University of West Florida seeking to acquire Little Salt Spring from University of Miami, county board learns

Sarasota County has been asked to step away from its attempts to obtain the property, with state Sen. Nancy Detert assisting in the new negotiations

Little Salt Spring is shown on an aerial map. Image courtesy Sarasota County
Little Salt Spring is shown on an aerial map. Image courtesy Sarasota County

The president of the Friends of Little Salt Spring was caught by surprise when he learned on Jan. 8 that Sarasota County no longer is in contention to acquire Little Salt Spring from the University of Miami (UM), he told The Sarasota News Leader.

However, in a Jan. 8 telephone interview, Lawry Reid said that if the county cannot complete the process in which it has been engaged for more than two years, the latest entity to pursue such negotiations with UM — the University of West Florida — “is probably the most appropriate [one]” to take title to the site.

The president of UWF, Judith A. Bense, “is probably the most knowledgeable of any Florida university [leader] on the archaeology at Little Salt Spring,” Reid noted. “[The UWF is] the only game in town that really knows what to do with the site as far as research is concerned.”

In a Jan. 8 memo to the County Commission, County Administrator Tom Harmer and County Attorney Stephen DeMarsh wrote that staff had been “made aware of active discussions between the University of Miami and the University of West Florida (UWF),” and that Harmer had spoken with the UWF president about the property.

The memo added, “The UWF has also been in direct contact with [state] Senator [Nancy] Detert with interest [from] both [UWF and UM] to pursue the donation. We have been asked by the President of the UWF and the Senator to support their efforts.”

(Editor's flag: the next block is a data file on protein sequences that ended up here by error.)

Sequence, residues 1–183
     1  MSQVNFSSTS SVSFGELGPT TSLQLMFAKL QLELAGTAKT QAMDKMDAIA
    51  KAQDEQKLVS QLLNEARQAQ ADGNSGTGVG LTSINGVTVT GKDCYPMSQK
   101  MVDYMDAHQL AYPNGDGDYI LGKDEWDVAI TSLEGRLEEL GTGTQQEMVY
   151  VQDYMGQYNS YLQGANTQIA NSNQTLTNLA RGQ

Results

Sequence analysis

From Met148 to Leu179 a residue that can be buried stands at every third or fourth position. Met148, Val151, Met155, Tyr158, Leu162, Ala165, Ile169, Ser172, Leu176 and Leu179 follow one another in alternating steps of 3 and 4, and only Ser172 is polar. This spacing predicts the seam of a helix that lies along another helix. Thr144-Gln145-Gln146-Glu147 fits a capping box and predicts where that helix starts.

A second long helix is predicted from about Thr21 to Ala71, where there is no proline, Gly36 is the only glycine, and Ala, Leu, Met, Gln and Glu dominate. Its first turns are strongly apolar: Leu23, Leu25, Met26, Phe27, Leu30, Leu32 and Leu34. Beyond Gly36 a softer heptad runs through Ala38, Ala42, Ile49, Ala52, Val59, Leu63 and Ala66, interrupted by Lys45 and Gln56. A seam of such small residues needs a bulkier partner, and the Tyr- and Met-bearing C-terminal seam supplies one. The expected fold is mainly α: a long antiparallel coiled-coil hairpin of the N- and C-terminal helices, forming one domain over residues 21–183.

Judith A. Bense. Image from the UWF website
Judith A. Bense. Image from the UWF website

The memo continues, “We have advised UM that we are disappointed but respect their decision and will continue to cooperate during the potential transfer to a state agency.”

Therefore, Harmer and DeMarsh wrote the commissioners, “Our recommendation is to no longer pursue the donation of the Spring and to cooperate with the UWF on their efforts to receive the property.”

Based in Pensacola, UWF is known for its archaeology program, Reid pointed out to the News Leader. In fact, Bense, the university president, founded the school’s anthropology/archaeology program in 1980, the UWF website says, adding, “This program is one of the most robust in the country,” and it includes a focus on shipwrecks.

Bense, who took over the university’s leadership in July 2008, is the older sister of former Florida House Speaker Allan G. Bense, the News Leader learned. Allan Bense held that leadership position from 2004 to 2006. Detert, a Venice resident, was a member of the Florida House from 1998 to 2006, prior to her election to the State Senate, Florida Legislature records show.

State Sen. Nancy Detert. Image from the Florida Senate website
State Sen. Nancy Detert. Image from the Florida Senate website

In a separate telephone interview on Jan. 8, County Commissioner Christine Robinson said she was disappointed to learn of the news, as she has been a strong advocate of the county’s acquiring Little Salt Spring. Nonetheless, she noted — as she also pointed out to her board colleagues during a staff update last fall — “the property was going to require significant dollars in terms of maintenance” because of the deterioration of the facilities. If UWF has the financial wherewithal to undertake the necessary renovations and upkeep, she added, she is supportive of its acquisition of the site.